Trade marks and the metaverse

By November 22, 2021Metaverse
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Recently, Mark Zuckerberg revealed a new, ambitious vision for Facebook. The trillion-dollar social media company would transition to ’a metaverse company’ named ‘Meta’. This move indicates that the metaverse is something to keep an eye on, and it will perhaps play a dominant role in our future. Some are even claiming it is the next version of the internet. However, we will need to wait and see if it reaches these heights.

So, what is the metaverse? It can simply be described as a centralised virtual world, a ’place’ parallel to the physical world, where users (through digital avatars) can interact with each other in real time.

In this vast and immersive digital universe, users can buy digital assets including footwear and apparel, eat, talk, date, and more. This allows greater overlap between our digital and physical lives.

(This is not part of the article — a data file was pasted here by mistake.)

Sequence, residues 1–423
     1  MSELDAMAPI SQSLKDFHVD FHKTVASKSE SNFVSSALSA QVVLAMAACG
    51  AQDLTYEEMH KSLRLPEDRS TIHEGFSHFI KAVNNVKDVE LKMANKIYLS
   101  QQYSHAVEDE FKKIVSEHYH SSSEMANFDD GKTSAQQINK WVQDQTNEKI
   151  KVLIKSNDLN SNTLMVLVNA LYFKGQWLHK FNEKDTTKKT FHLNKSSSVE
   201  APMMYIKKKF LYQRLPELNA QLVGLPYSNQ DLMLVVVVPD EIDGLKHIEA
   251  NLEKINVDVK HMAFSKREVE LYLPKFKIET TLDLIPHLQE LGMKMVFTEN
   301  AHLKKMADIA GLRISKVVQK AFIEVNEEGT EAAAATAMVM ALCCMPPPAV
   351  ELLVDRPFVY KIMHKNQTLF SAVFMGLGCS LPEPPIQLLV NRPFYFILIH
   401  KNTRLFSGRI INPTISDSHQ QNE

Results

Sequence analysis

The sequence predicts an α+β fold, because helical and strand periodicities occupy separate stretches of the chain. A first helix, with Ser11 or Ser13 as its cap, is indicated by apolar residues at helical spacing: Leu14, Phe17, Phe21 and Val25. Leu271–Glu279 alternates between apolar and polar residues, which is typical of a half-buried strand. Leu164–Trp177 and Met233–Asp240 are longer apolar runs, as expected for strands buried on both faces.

We have seen industry leading companies already start preparing for this virtual world.

Nike, Inc., the world’s most valuable apparel brand, has recently filed trade marks in the United States for key brands (including those for its “swoosh” logo and slogan ’Just Do It), revealing plans to provide virtual footwear and apparel.

Nike may have taken this approach because users within the metaverse will soon be able to buy digital assets for their avatars, including footwear, apparel, cars and more. This process will allow users to purchase virtual products which can be branded as ’real equivalents’.

In Nike’s view, these new virtual products are classified as – ‘Downloadable virtual goods, namely, computer programs featuring footwear, clothing, headwear, eyewear, bags, sports bags, backpacks, sports equipment, art, toys and accessories for use online and in online virtual worlds’ in class 9.

There is however no provision for “virtual’ footwear and apparel in the Nice Classification (the international classification of goods and services). To account for increased interest in the metaverse, the Nice Classification will likely need to be updated to clarify whether virtual products are categorised in Class 9, or more correctly alongside their ’real life’ equivalents in class 25.

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